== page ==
Muslims who lived under Burmese king Bayintnaung (1550-1589 AD) were prohibited from celebrating Eid as well as eating halal food by means of slaughtering animals according to Islamic ruling. King Alaungpaya (1752–1760) also prohibited Muslims from sacrificing animals in the name of God.

King Bodawpaya (1782–1819) was known for having notoriously killed 4 Burmese Imams (Islamic leader in related context) who refused pork ingestion.
1900s
The 1900s saw many anti-Indian and anti-Muslim riots in Burma under British rule. Originally diverse by race and culture, Muslims were placed as one by the Buddhist majority and the British after the First World War. Tribes of Burma and Yegar Muslims blame the anti-Muslim and anti-Indian sentiments on early persecution of Buddhist and Hindus during the Mogul empire when they were forced to accept Islam. It is also blamed on a lower standard of living, degraded work, Indian colonialists, Indian-controlled monopoly of the economy, competition and the recession.

Riots in 1930 and 1938 proved the extent of anti-Muslim and anti-Indian movement, the motion eventually intervened by the British. Despite an enquiry by The Simon Commission stipulating that separate land be given to Burmese Muslims, that they attain full citizenship, be allowed to follow and practice their religion and customs, be allowed to own and trade property, be allowed to receive government grants as per their educational and charitable institutions, and also encouraged a separate government independent of India, the British rejected all but the separation of government suggestion.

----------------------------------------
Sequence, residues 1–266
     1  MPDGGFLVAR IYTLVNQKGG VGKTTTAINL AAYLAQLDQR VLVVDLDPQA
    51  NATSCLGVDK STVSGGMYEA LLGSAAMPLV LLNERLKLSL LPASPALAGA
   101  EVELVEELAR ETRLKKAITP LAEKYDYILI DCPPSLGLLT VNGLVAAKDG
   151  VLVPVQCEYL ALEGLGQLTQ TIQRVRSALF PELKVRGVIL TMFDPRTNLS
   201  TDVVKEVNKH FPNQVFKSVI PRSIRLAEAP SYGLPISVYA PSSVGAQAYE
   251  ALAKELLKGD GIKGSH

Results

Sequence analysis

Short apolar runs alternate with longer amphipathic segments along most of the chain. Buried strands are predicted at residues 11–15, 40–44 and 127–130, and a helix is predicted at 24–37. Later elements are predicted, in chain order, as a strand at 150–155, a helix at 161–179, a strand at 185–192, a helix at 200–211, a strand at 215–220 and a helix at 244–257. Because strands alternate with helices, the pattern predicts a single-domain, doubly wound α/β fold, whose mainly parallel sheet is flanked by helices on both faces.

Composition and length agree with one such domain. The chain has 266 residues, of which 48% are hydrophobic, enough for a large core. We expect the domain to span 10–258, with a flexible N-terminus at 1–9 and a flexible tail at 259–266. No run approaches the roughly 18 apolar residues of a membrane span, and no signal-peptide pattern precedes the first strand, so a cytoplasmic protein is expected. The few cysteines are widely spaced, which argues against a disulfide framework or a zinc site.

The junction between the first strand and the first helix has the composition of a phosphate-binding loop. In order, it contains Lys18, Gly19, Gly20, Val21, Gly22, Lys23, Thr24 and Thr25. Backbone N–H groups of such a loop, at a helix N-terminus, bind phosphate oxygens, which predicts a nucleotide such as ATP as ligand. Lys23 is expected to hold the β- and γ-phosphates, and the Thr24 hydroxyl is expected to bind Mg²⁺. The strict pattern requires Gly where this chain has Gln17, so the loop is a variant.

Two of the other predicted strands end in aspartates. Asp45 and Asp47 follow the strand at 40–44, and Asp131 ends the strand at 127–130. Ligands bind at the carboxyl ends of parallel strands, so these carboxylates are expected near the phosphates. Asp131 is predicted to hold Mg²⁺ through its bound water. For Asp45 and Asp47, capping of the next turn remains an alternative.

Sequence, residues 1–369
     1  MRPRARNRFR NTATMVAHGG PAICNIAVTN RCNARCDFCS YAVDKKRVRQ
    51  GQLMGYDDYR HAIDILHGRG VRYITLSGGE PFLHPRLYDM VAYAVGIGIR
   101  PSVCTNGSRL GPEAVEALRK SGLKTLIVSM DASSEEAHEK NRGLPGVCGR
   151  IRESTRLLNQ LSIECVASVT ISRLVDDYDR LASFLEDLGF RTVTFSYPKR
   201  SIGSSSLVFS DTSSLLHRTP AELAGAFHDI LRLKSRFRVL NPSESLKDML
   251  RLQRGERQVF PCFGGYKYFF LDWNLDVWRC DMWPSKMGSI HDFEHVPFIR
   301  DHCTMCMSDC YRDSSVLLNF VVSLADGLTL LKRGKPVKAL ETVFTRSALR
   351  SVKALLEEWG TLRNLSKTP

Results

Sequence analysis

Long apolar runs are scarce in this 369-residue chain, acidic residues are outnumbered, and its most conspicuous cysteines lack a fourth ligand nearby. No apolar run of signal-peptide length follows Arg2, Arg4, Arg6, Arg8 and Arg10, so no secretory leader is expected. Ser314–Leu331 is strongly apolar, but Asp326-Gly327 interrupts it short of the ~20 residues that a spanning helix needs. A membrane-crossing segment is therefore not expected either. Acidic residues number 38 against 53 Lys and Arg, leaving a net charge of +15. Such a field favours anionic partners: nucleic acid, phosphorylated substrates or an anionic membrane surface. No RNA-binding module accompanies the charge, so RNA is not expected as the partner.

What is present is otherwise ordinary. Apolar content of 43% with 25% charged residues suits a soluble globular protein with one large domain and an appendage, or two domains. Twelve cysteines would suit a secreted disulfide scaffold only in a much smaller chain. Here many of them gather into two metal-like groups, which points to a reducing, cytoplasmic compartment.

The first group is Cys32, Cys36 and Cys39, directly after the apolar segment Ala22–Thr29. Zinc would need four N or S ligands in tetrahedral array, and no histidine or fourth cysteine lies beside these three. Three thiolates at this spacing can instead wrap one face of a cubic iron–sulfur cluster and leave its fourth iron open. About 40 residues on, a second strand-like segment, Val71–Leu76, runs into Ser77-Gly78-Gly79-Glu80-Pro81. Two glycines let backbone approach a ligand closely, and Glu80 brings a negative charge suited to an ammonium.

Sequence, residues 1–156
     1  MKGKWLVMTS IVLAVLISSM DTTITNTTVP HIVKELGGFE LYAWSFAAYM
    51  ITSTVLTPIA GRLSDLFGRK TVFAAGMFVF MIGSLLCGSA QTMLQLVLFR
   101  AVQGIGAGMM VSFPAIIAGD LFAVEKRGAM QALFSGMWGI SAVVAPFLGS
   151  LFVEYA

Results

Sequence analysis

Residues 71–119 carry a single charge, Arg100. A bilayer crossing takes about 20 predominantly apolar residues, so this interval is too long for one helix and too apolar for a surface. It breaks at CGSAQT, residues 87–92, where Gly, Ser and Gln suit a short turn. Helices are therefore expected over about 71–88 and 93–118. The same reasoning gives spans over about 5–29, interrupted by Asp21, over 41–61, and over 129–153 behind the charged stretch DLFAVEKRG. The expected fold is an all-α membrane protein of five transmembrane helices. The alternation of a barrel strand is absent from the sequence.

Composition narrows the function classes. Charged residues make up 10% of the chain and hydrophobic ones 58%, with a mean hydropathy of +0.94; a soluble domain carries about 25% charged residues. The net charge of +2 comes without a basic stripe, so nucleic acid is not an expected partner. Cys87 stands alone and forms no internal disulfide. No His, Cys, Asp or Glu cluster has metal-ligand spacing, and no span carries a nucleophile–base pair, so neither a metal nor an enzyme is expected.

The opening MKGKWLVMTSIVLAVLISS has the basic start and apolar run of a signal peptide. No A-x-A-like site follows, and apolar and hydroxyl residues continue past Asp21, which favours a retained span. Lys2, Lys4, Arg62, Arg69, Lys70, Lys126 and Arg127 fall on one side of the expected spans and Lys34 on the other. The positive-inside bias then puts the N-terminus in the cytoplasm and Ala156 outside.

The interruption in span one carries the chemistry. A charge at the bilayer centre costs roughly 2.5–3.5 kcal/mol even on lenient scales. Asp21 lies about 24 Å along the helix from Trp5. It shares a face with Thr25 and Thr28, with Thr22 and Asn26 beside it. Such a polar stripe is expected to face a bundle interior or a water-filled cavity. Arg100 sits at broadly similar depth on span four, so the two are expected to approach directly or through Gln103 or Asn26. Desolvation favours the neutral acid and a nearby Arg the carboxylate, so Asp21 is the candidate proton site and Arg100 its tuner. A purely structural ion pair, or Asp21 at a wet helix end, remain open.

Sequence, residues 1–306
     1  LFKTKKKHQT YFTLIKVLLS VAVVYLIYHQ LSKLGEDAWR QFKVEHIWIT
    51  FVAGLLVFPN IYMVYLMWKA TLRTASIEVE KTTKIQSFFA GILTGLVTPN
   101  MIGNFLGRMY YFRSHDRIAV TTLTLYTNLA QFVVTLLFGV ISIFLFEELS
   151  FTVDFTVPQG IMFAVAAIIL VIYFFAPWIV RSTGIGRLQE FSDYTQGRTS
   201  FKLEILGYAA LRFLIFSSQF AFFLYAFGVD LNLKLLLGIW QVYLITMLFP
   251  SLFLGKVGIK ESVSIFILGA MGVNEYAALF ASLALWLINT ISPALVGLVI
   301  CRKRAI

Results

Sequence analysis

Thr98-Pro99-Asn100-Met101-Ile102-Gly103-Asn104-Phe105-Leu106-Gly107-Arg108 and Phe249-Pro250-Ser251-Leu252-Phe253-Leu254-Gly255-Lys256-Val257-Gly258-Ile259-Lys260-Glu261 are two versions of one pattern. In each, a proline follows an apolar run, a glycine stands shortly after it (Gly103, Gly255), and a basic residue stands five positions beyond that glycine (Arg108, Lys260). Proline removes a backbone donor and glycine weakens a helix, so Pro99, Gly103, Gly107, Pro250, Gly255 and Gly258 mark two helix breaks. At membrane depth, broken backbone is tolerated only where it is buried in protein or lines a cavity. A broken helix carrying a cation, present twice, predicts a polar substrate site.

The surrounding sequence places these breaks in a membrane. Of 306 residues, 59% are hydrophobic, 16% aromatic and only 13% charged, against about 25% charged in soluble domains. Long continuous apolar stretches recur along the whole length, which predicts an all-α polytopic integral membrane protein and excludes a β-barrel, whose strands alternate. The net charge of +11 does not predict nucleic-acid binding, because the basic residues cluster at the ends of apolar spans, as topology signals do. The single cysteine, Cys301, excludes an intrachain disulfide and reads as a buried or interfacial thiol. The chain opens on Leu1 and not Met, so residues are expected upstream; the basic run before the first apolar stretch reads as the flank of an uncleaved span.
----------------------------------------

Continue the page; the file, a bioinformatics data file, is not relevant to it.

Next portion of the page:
Burmese action against minority groups was shockingly original in defying the British, but using the Muslims and Indians as methods to initiate rebellion had proven easier than simply starting one without anyone to take the fall. Disguised as Muslim and Indian-hatred, riots, protests and political movement were fuelled by extreme media support, newspapers being their main source of inspiration.